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Harry M v. Commonwealth of Pennsylvania Department of Public Welfare

January 7, 2010

HARRY M., PLAINTIFF
v.
COMMONWEALTH OF PENNSYLVANIA DEPARTMENT OF PUBLIC WELFARE, ET AL., DEFENDANTS



The opinion of the court was delivered by: Yvette Kane, Chief Judge United States District Court Middle District of Pennsylvania

(Chief Judge Kane)

MEMORANDUM

Currently pending before the Court is Plaintiff's motion to compel discovery. (Doc. No. 19.) Following a telephone conference regarding the discovery dispute, the Court ordered the parties to submit letter briefs in support of their respective positions. (Doc. No. 22.) Plaintiff submitted a letter brief on December 23, 2010. (Doc. No. 23.) Defendants responded on December 30, 2010. (Doc. No. 24.) In his motion to compel discovery, Plaintiff raises issues regarding:

(1) Defendants' response to interrogatories with reference to unspecified documents;

(2) Defendants' responses referring Plaintiff to third parties;

(3)Defendants' objection to a request for the production of additional documents not produced in response to a search of the parties' agreed-upon search terms;

(4) Defendants' identification of potential witnesses; and

(5) the timeliness of Defendants' production of documents. The Court will consider these matters in turn.

I. RESPONSE TO INTERROGATORIES WITH REFERENCE TO UNSPECIFIED DOCUMENTS

Plaintiff first objects to the manner in which Defendants have responded to Plaintiff's interrogatories. Specifically, Plaintiff notes that in response to several interrogatories Defendants simply reference their responses to Plaintiff's request for documents. Defendants argue that these responses are sufficient to satisfy the requirements of Rule 34 of the Federal Rules of Civil Procedure, and therefore, Defendants need not specifically identify electronic documents that are responsive to Plaintiff's interrogatories.

Defendants are correct that Rule 34 of the Federal Rules of Civil Procedure do not require extensive indexing of information to conform to Plaintiff's requests for documents. See, e.g., Braun v. Agri-Systems, No. F-02-6482, 2006 WL 278592, at *5 (E.D. Cal. Feb. 2, 2006) (holding that Rule 34 did not require defendants to index or label some 10,000 pages of document requests to correspond with categories in the request). In the present circumstance, however, the disputed material was not sought pursuant to Rule 34. And as such, Defendants' appeals to Rule 34 are inapposite. Although Rule 33(d) of the Federal Rules of Civil Procedure permits Defendants to respond to Plaintiff's interrogatories with reference to a business record, Rule 33(d) does not serve to eviscerate Rule 33's requirement of specificity when responding to interrogatories. See, e.g., Covad Communs. Co. v. Revonet, Inc., 258 F.R.D. 17, 20 (D.D.C. 2009) (requiring party responding to an interrogatory under Rule 33(d) to "specifically identify the documents that contain the answers"); see also 7 Moore's Federal Practice, § 33.101 (Matthew Bender 3d ed.) (noting Rule 33 requires full, complete, and specific responses to interrogatories).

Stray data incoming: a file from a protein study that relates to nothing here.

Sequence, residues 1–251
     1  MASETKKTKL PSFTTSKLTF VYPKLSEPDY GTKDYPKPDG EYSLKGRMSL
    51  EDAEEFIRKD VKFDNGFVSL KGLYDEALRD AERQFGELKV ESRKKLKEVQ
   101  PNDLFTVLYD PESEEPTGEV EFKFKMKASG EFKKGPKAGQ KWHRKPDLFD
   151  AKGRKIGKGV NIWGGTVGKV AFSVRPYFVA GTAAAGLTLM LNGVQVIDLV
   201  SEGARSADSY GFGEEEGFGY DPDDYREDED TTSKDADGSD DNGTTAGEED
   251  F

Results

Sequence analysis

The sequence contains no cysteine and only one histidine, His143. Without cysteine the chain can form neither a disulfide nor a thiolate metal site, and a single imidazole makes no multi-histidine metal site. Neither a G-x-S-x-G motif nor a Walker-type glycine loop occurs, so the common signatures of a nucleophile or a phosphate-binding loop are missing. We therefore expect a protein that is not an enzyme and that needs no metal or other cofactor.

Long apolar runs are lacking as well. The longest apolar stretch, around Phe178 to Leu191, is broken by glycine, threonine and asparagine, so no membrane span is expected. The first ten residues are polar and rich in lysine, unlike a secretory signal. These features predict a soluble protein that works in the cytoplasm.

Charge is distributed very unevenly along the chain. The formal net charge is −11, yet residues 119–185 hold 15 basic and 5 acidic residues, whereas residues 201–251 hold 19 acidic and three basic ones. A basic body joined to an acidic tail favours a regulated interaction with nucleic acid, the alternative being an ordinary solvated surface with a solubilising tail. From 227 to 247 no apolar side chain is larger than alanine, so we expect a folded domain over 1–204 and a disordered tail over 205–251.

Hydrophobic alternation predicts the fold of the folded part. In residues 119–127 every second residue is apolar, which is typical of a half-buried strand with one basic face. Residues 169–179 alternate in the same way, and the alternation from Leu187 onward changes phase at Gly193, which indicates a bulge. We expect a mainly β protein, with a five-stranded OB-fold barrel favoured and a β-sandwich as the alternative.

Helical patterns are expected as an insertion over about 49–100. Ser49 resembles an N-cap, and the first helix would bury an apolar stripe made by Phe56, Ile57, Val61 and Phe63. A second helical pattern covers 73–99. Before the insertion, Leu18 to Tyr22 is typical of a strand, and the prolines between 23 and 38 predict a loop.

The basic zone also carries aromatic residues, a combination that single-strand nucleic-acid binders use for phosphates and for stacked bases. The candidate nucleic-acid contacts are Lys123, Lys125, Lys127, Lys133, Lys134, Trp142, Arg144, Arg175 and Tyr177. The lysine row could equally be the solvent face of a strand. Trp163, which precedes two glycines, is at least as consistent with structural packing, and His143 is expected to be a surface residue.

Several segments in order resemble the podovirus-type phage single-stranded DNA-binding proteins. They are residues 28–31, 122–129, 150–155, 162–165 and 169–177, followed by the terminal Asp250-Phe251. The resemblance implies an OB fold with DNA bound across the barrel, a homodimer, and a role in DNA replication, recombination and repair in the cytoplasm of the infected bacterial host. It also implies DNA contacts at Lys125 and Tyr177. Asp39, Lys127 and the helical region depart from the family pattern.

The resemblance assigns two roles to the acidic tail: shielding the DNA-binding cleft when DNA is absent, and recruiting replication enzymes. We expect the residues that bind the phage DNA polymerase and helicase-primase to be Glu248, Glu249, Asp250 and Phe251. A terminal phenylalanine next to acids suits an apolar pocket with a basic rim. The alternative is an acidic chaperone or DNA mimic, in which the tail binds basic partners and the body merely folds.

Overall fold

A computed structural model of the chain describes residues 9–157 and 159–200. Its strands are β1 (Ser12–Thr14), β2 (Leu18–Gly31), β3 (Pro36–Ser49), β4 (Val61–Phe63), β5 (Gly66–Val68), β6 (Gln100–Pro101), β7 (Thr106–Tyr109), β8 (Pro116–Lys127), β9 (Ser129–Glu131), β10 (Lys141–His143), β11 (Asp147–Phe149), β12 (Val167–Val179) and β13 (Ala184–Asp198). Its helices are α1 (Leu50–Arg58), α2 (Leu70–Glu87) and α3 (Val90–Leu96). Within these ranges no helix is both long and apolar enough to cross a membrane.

As the text of Rule 33(d) makes clear, when responding to an interrogatory by referring to a business record, the responding party must "specify[] the records that must be reviewed, in sufficient detail to enable the interrogating party to locate and identify them as readily as the responding party could." Fed. R. Civ. P. 33(d)(1). This rule has been interpreted to require parties to guide the interrogating party to responsive documents by providing sufficient detail to enable the interrogating party to locate the documents. See In re Tutu Wells Contamination Litig., 162 F.R.D. 46, 68 (D.V.I. 1995) (holding that "dumping several volumes of unspecified raw data on opposing counsel" does not satisfy Rule 33(d)); see also Graske v. Auto-Owners Ins. Co., 647 F. Supp. 2d 1105, 1108 (D. Neb. 2009); O'Connor v. Boeing N. Am., Inc., 185 F.R.D. 272, 278 (C.D. Cal. 1999); Fed. R. Civ. P. 33 advisory committee's notes to 1980 amendment (noting that "directing the interrogating party to a mass of business records or by offering to make all of their records available . . . [is] an abuse of" Rule 33(d)); 7 Moore's Federal Practice, § 33.105[3] (Matthew Bender 3d ed.). Therefore, Defendants are directed to respond to the interrogatories with either an objection, written answer, or specific direction to the relevant document or documents as provided by Rule 33 within 10 days of the date of this order.

II. RESPONSES REFERRING PLAINTIFF TO THIRD PARTIES

Plaintiff next brings Defendants' objections to certain interrogatories on the basis that Plaintiff is seeking information in the possession of third parties to the Court's attention. ...


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